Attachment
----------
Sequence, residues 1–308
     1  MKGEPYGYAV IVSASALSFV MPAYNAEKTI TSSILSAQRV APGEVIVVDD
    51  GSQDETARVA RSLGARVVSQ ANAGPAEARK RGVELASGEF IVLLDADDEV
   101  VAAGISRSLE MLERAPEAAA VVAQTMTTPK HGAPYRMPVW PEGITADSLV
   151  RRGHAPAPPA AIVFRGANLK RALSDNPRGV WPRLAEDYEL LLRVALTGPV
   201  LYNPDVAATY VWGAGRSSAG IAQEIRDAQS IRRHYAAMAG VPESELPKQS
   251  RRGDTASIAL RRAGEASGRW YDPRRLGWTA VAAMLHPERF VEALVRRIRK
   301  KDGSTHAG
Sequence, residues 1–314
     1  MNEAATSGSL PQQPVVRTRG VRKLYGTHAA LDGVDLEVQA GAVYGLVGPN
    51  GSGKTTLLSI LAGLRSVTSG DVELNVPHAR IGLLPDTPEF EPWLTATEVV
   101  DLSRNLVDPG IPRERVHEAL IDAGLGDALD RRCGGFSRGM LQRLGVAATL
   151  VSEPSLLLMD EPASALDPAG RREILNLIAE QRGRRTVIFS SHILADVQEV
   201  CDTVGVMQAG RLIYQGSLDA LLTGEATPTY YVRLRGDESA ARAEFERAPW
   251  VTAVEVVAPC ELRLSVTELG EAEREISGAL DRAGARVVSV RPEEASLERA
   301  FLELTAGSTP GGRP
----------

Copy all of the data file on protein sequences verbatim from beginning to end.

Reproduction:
Sequence, residues 1–308
     1  MKGEPYGYAV IVSASALSFV MPAYNAEKTI TSSILSAQRV APGEVIVVDD
    51  GSQDETARVA RSLGARVVSQ ANAGPAEARK RGVELASGEF IVLLDADDEV
   101  VAAGISRSLE MLERAPEAAA VVAQTMTTPK HGAPYRMPVW PEGITADSLV
   151  RRGHAPAPPA AIVFRGANLK RALSDNPRGV WPRLAEDYEL LLRVALTGPV
   201  LYNPDVAATY VWGAGRSSAG IAQEIRDAQS IRRHYAAMAG VPESELPKQS
   251  RRGDTASIAL RRAGEASGRW YDPRRLGWTA VAAMLHPERF VEALVRRIRK
   301  KDGSTHAG
Sequence, residues 1–314
     1  MNEAATSGSL PQQPVVRTRG VRKLYGTHAA LDGVDLEVQA GAVYGLVGPN
    51  GSGKTTLLSI LAGLRSVTSG DVELNVPHAR IGLLPDTPEF EPWLTATEVV
   101  DLSRNLVDPG IPRERVHEAL IDAGLGDALD RRCGGFSRGM LQRLGVAATL
   151  VSEPSLLLMD EPASALDPAG RREILNLIAE QRGRRTVIFS SHILADVQEV
   201  CDTVGVMQAG RLIYQGSLDA LLTGEATPTY YVRLRGDESA ARAEFERAPW
   251  VTAVEVVAPC ELRLSVTELG EAEREISGAL DRAGARVVSV RPEEASLERA
   301  FLELTAGSTP GGRP